A Primer on Margining Styles for Coal Options

  • 19 Jun 2017
  • By CME Group
  • Topics: Energy

This document gives an overview of the differences between the margining of equity-style and futures-style option contracts. In derivatives trading, margin refers to the good faith deposit, or collateral, required to be deposited by an option writer. Margining is the entire process of measuring, calculating and administering the collateral that must be put up for coverage of open positions.

Exactly as with equity-style options, the underlying of a deliverable futures-style option could be a futures contract, or a combination of futures contracts such as a calendar spread, an inter-commodity spread or a stripInitial margin, also known as the total performance bond, is the term applied to the initial deposit or margin money each customer is required to put up as security for a guarantee of contract fulfilment at the time a futures or option position is established.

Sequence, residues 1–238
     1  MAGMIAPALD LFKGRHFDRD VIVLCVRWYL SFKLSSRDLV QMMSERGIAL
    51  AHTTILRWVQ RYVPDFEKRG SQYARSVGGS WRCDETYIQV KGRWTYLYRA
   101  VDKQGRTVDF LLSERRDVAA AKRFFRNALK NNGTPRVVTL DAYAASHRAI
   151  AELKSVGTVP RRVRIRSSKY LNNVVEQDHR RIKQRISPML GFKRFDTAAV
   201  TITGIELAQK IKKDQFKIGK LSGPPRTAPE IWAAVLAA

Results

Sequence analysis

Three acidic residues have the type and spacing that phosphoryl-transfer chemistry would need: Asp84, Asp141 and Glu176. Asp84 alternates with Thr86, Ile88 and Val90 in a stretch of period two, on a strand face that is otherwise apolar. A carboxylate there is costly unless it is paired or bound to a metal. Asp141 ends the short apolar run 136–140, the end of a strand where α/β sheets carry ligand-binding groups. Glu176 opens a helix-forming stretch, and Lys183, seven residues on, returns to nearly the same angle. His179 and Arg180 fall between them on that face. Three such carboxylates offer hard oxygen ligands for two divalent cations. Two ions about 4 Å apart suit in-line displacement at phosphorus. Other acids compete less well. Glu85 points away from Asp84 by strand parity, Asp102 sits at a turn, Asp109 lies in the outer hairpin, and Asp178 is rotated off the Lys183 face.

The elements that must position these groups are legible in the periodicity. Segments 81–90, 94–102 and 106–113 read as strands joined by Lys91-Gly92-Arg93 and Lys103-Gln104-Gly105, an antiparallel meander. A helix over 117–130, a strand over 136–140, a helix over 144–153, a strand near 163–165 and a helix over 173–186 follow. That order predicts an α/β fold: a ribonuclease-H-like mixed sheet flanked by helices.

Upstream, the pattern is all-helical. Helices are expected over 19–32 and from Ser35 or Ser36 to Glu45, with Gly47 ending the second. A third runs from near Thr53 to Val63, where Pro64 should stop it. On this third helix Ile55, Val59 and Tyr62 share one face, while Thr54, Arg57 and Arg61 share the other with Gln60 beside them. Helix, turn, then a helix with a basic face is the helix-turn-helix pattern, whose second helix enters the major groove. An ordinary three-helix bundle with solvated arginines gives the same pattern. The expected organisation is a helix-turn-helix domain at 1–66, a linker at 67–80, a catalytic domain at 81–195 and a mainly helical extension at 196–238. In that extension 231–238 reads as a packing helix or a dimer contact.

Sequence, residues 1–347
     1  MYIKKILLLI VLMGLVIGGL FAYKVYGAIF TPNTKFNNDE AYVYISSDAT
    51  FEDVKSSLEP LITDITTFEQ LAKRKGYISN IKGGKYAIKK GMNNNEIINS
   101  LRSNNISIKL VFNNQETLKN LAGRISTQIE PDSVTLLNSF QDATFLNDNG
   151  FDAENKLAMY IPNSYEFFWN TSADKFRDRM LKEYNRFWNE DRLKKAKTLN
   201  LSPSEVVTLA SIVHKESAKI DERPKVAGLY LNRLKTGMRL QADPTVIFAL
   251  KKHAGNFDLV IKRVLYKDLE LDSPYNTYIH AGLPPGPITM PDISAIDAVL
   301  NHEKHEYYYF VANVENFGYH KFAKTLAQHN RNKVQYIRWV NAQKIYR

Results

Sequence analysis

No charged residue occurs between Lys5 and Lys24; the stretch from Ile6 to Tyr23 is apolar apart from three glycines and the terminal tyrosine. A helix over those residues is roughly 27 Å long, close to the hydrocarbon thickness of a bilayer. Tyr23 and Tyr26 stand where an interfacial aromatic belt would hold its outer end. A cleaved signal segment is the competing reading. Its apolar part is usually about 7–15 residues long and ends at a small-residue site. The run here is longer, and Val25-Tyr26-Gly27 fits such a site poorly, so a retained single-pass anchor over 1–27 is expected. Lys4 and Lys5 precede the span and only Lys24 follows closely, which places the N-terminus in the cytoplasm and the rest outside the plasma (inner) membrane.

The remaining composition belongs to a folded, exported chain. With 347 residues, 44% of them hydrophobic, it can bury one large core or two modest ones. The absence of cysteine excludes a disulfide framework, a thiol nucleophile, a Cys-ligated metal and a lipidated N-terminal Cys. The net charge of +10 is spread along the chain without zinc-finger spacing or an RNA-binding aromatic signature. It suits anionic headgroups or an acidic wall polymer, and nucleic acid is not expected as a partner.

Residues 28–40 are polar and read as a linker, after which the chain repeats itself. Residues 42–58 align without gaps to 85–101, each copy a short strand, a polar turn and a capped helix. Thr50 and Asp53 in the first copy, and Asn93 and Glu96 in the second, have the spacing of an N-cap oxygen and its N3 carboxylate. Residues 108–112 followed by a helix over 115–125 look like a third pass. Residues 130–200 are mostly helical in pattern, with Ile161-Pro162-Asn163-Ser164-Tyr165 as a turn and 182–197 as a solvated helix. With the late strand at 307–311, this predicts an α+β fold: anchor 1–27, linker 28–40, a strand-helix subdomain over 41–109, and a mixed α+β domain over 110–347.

Initial margin requirement has two components: the risk component and the equity component. The risk component is the risk level determined by SPAN (Standard Portfolio Analysis of Risk), which is a market simulation-based Value at Risk system. The equity component is the net option value, which will be discussed in the following section.

The margin rates used for calculating initial margin requirements for CME Group futures and options products are available online. The requirement amounts for specific portfolios are calculated using SPAN. 

Variation margin is the payment made on a daily or intraday basis by a clearing member based on price movement in positions carried by the customer.

Equity-Style Margin